County Connection has been providing public transit service to the central and south regions of Contra Costa County for nearly 40 years. During those years, County Connection has constantly been innovative, forward-looking, and at times the first-to-implement new technologies, all of which allows us to continuously provide better service to the public and/or promote greater efficiencies in our operations.
In this and in a few future blogs, I will review some of County Connection’s past progressive efforts. The final blog in this series will look at where we expect the next opportunities for public transportation innovation to be found.
I’ll start with two things we did in the late 1980s and early 1990s.
Making Transit More Accessible
Did you know that County Connection became the first public transit system in America to deploy a fully accessible fleet of buses on its fixed-route services?
In the 1980s, County Connection set out to install wheelchair (we now say mobility device) lifts on every bus. It should be noted that through the 1990s, most transit buses had high floors that required the use of stairs to board and alight the bus. At the same time, a lot of transit providers did not offer mechanical lifts to allow people with wheelchairs to get in and out of standard transit buses, which made it impossible, in many cases, for them to use public transit.
With the high floor and stairs barriers, County Connection saw the need to serve those folks who used mobility devices with its fixed-route service network, so it set out to install lifts on every bus. By early 1989, County Connection completed its installation of lifts and became the first public transit system to do so. This forward-thinking approach to make transit services more accessible to all riders turned out to foreshadow the Americans with Disabilities Act (ADA), enacted in September of 1990, which among many other things, mandated that public transit outfit all of its buses with lifts by the end 1996. County Connection was way ahead of the curve.
By about 2000, most of the new buses in North America were designed with a low floor eliminating the need for a wheelchair lift.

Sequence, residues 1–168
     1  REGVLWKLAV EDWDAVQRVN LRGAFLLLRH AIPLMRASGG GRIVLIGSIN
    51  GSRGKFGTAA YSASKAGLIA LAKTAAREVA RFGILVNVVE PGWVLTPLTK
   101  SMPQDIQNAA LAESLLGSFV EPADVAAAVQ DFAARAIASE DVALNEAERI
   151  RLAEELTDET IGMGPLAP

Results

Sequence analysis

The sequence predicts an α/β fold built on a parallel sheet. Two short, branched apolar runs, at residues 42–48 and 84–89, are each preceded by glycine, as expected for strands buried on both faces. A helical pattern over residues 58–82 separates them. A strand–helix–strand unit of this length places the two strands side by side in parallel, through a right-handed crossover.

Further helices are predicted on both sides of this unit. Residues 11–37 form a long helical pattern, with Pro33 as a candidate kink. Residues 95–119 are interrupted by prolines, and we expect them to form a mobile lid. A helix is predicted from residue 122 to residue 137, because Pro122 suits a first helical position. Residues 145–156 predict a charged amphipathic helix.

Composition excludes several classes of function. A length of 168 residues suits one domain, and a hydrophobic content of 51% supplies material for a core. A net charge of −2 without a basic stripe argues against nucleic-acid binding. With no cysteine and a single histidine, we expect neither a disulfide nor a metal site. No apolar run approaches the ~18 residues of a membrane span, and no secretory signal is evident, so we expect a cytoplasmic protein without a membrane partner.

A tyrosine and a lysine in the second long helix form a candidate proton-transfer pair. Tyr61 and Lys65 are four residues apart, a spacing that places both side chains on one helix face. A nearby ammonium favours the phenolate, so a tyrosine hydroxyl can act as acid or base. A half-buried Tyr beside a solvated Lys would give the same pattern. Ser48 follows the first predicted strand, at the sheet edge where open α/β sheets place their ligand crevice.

In late 1989, County Connection became the first transit system in America to procure and install the Trapeze fixed-route scheduling system, a first-of-its-kind highly computerized scheduling software exclusively made for scheduling fixed-route transit buses.
One of the innovations that Trapeze allowed us to take advantage of early on is how it facilities – through computerized scheduling – the practice of interlining routes and buses. This is because Trapeze scheduling software was the first such software to rely on complex algorithms to create a system schedule based on inputs and parameters set by the scheduler. Interlining is the practice of using one bus for multiple routes as opposed to having one bus run just along one route. This creates operating efficiencies such that with interlining you can provide the same level of service in terms of hours of service with fewer buses and lower operational costs.
After we installed Trapeze in early 1990, we began to increase our interlining of buses over time. This led to significant operational efficiency gains at County Connection. Without the computerization, complex interlining becomes extremely time-consuming, as well as challenging for people without advanced math degrees.
Today, Trapeze fixed-route scheduling software is used by at least half of all public transit systems in America. Once again, County Connection was ahead of the curve.
These are just a few examples of what we have done at County Connection that reflect our innovative spirit. Did both of these innovations meet the test of: Does the innovation either make the service better for the customer or create cost savings in our day-to-day operations? In the case of installing wheelchair lifts and implementing a highly computerized software package, the answer is yes. Innovation paid off very well.